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June 2018 Archives

Divorce can have long-term retirement impact

When people of any age choose to divorce in California, there can be a range of expected and unexpected financial consequences, especially ones related to retirement. These consequences can be particularly significant for people going through a "gray divorce," which is a term that refers to individuals aged 50 years and older ending their marriages. While the divorce rate for Americans as a whole has flattened and remained stable, the same cannot be said for people in this demographic group. Between 1990 and 2010, the divorce rate for people over 50 years old doubled.

How to determine custody when only the mother is known

If a child is born in California without a father's name on his or her birth certificate, it may be unclear who has custody. As a general rule, custody will be determined in the state by looking at what is in the best interest of the child. However, other states may have different rules relating to who gets custody of a child born when the parents aren't married and no father is on the birth certificate.

Dads need to stand up for their custodial rights in divorce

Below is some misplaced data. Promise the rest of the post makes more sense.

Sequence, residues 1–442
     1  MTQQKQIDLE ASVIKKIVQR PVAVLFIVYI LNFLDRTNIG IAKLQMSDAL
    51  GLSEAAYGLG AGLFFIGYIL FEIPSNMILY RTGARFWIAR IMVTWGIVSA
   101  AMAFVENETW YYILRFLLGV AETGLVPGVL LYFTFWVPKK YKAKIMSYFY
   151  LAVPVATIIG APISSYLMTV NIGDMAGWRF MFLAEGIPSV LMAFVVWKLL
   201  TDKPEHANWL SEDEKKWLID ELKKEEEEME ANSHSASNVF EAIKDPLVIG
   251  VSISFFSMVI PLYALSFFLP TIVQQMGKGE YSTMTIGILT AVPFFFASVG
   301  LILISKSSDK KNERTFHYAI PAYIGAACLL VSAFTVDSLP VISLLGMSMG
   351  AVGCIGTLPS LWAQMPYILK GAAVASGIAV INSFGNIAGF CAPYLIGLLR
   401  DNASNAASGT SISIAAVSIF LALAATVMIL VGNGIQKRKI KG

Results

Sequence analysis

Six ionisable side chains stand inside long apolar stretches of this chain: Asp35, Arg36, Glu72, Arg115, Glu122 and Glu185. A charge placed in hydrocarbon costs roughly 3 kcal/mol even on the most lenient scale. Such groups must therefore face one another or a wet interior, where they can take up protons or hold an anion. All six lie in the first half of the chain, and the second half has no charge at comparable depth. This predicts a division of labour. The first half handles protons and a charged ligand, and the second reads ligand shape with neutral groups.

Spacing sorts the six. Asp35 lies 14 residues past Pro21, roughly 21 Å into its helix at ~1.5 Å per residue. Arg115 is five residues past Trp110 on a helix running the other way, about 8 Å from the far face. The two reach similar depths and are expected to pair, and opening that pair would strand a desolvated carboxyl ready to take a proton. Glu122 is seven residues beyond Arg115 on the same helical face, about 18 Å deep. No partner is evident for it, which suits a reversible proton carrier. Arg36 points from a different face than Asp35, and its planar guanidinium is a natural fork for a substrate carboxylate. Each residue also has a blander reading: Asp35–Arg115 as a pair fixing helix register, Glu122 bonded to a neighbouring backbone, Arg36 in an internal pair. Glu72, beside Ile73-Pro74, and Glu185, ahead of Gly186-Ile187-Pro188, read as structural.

Some people believe the common divorce myth that judges always prefer giving custody to the mother in divorces. In reality, the gender of the parents should not factor into how the courts allocate parental rights and responsibilities. Both parents often get to play an active role in the life of their children and share parenting time and decision-making power.

Divorce proceedings may limit financial, parental rights

California is one state that places a number of restrictions on parenting rights and finances when a couple files for divorce. The specifics of these laws vary by location, but in general, people should keep the guidelines below in mind and may want to consult an attorney for further information.

Gender-neutral spousal support laws surprise female breadwinners

When there's an income disparity among a married California couple, a divorce could lead to an alimony settlement. Although spousal support originally arose during a time when wives lacked the financial means to support themselves, modern laws look at spousal income instead of spousal gender. In 1979, the Supreme Court of the United States ruled that family law would view alimony decisions in a gender-neutral light. The result has been that ex-wives now sometimes pay ex-husbands alimony. Given the historical context, women often do not expect this financial burden when ending a marriage.

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